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Old 12-31-2013, 04:19 PM   #1 (permalink)
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Unhappy 98 Polaris Indy 340 Lite

First time user of this forum.

I have a 1998 Polaris Indy Lite 340. It will not start and I was wondering if anyone has any ideas for me to try.
What I've done to troubleshoot.

1. New plugs. Have spark.
2. Compression test is good.
3. Pulled gas lines from each side of fuel pump. One at a time and pulled over. Gas looks to be pumping fine from the pump to the carbs.
4. I can pour a tiny bit of gas into the cylinder and it will run for a few seconds.
5. I pulled off the carbs and took them apart, watching you tube videos. I cleaned them, they seemed clean to begin with but went ahead and cleaned them anyway. Sprayed carb cleaner in all the main jets and pilot jets sprayed out the bowl and floats sprayed all the little holes and ports. The whole time not knowing exactly what to expect, So I am amusing I have them cleaned good.
6. I have new gas in the tank.
7. Air box is free and clear of debris.

Got everything back together today. Still will not start. Same symptoms. Can pour some gas in the cylinder and will start for a bit.
Anyway to be certain carbs are clean? Or other tings I should try?
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Old 12-31-2013, 05:07 PM   #2 (permalink)
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Check the impulse line you may have a bad fuel pump itself. Since it will run when you pour fuel in the cylinders you have narrowed it down To fuel delivery

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Old 12-31-2013, 05:24 PM   #3 (permalink)
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When you took the carbs off, was there fuel in the bowls? If they were dry, it could indicate that the needles / seats are stuck.

How were the plugs at any point? Did they get fuel on them?
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Old 12-31-2013, 06:23 PM   #4 (permalink)
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I think meburdick is spot on. You have good fuel, good spark, and the fuel pump seems to work ok. About the only thing that can keep fuel from the carbs is a stuck inlet needle/seat.

To clean those, you have to take a small punch and tap the pin that holds the float out, being VERY careful not to break the arms that hold the float. Once the float is out, remove the needle and seat. Clean, reassemble. Make note of how the float goes on, so you don't attempt to install it upside down. That doesn't work well. Honest.
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Old 12-31-2013, 09:43 PM   #5 (permalink)
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Another way to clean the needle and seat is with carb cleaner. All you have to do is pull the fuel line, then you using the straw on the carb cleaner can, you spray directly into fuel port.
I have had good luck unsticking the seat with this method. After you have carb cleaner coming out of the over flow of the carb. You put the fuel line back on the carb.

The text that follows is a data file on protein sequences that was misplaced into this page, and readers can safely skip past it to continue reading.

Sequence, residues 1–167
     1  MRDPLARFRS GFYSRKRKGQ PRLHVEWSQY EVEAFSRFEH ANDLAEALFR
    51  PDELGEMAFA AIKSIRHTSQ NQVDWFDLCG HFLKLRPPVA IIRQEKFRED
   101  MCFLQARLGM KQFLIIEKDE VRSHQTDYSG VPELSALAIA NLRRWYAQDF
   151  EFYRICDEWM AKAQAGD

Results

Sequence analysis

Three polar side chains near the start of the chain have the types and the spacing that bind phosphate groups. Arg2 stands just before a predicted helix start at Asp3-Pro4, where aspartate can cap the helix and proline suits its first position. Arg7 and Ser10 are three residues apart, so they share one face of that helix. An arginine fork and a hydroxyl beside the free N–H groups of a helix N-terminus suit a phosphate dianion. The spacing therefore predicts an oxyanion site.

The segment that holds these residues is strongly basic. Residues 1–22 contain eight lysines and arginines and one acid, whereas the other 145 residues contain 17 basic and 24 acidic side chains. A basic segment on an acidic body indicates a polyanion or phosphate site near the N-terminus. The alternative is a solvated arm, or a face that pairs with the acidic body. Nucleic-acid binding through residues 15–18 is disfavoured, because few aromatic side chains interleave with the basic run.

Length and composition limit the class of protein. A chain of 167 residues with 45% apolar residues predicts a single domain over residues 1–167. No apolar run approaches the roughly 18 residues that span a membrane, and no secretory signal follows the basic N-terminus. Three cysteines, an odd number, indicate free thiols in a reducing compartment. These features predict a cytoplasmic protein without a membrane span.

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Old 01-01-2014, 08:12 AM   #6 (permalink)
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The plugs did not seem to be wet. So when I cleaned the carbs. I took the spring loaded (needle?) out of the Fuel Inlet. The spring moved freely. Is the seat the part that the needle sits in? Are you telling me to take a punch and pop out the seat and check the hole on that?
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Old 01-01-2014, 08:49 AM   #7 (permalink)
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If the needle came out of the seat you won't need to punch it out. You may however need to check the float height for spec. It sounds like you have narrowed it down to a fuel problem. So good gas, fuel pump, fuel filter, carb needle, carb jets, choke & compression/crank seals (for vaccuum) will all need to be checked until you've isolated the problem.

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Old 01-04-2014, 01:24 PM   #8 (permalink)
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meburdick

I got back to work on it today. Took the carbs back off. Took those apart one at a time and the bowls on both were full of gas.

I cleaned them again very good. Got some brass wire and made sure all the ports were cleaned. Using the wire and carb cleaner and compressed air.

Put everything back together. Same symptoms. I did check the plugs after pulling it a few times and they look like they have gas on them but its hard to tell. I dumped some gas in the cylinder and boom started right up for a few seconds.

Im am out of ideas. any help out there?
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Old 01-04-2014, 01:28 PM   #9 (permalink)
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Assuming you're working in a garage or shop, did you try to start without the airbox on? Since fuel is getting to the carb, but possibly not getting INTO the motor, I'm wondering if there's a restriction in the airbox that's preventing the motor from drawing air (which would mean it also can't get fuel).

Also... said only "compression test it good". Can you elaborate on how you tested, what your readings were, and how you know the reading from the gauge is accurate?
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